New Orleans Mayor Ray Nagin says hundreds or "most likely thousands" of people in the southern U.S. city have been killed by Hurricane Katrina.
During a televised news conference Wednesday, Mr. Nagin said there are a significant number of bodies in the water that now covers most of the city, and that other people died in attics. He said it will be at least two or three months before the city regains electricity.
There is no official death toll from the disaster yet.
U.S. officials have declared a public health emergency for areas along the U.S. Gulf of Mexico in the aftermath of the devastating storm.
Health and Human Services Secretary Michael Leavitt made the declaration Wednesday as authorities struggled to rescue survivors and restore order in the region.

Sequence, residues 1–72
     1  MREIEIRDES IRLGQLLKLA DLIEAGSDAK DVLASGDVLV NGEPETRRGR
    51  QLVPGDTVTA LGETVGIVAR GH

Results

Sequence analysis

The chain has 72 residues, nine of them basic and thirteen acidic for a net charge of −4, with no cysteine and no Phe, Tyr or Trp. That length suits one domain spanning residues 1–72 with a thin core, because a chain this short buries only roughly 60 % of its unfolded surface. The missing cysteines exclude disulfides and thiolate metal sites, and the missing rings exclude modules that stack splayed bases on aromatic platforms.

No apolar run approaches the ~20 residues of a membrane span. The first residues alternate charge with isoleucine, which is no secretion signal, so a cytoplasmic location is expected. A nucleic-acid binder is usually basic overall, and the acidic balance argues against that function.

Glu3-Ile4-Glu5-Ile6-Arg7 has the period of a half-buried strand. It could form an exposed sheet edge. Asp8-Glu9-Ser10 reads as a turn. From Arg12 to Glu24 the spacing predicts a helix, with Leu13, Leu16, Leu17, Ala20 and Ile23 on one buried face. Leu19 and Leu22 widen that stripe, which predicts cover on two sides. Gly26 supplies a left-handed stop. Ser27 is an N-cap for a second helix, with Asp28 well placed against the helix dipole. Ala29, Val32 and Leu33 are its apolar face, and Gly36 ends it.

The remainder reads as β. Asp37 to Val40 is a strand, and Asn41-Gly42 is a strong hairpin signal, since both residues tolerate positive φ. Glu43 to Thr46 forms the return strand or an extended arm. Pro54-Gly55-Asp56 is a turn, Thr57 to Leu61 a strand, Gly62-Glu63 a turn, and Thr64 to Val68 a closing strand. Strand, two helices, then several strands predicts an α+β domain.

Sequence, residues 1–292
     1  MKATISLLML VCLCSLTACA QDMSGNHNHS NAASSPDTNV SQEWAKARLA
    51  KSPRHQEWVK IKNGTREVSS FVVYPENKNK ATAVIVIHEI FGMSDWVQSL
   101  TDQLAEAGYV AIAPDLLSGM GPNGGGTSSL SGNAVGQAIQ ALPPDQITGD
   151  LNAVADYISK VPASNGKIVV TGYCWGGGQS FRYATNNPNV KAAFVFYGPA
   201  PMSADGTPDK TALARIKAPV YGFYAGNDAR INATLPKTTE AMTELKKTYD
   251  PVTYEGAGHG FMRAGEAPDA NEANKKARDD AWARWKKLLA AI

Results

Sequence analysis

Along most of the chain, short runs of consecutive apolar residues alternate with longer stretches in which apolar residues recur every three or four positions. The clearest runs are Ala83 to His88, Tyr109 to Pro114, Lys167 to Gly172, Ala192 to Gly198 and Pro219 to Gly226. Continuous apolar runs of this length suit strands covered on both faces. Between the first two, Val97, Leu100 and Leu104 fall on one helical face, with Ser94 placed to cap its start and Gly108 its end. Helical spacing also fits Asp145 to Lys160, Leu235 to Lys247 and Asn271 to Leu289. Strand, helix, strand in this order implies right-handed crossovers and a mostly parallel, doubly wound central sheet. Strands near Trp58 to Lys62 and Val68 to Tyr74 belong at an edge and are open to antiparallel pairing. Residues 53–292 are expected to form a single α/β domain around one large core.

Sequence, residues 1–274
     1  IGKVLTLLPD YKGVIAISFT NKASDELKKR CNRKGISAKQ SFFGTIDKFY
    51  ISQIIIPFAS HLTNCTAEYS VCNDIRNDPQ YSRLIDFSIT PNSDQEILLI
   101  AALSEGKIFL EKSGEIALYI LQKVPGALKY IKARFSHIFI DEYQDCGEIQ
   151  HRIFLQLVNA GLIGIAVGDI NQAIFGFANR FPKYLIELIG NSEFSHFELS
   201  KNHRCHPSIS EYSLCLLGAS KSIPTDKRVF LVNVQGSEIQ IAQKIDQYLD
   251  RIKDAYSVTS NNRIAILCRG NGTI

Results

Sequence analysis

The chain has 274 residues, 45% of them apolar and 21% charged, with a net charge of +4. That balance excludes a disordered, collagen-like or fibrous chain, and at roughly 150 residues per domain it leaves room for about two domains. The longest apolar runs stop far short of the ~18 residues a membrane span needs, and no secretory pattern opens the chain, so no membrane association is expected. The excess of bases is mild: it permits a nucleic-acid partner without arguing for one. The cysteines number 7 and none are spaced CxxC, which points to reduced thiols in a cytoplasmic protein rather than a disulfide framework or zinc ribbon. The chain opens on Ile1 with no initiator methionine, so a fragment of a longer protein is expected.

Meanwhile, the U.S. military says another 10,000 National Guard troops will be deployed to Louisiana and Mississippi to help maintain law and order. Looting has taken place in many areas as people raid businesses, stealing food supplies and other goods.
In the neighboring state of Mississippi, Governor Haley Barbour says Katrina wiped out 90 percent of the buildings near the coast in the cities of Gulfport and Biloxi.
U.S. Homeland Security Secretary Michael Chertoff says U.S. officials will work tirelessly to aid the victims. The government says it is sending medical emergency teams and truckloads of basic supplies such as ice and electric generators.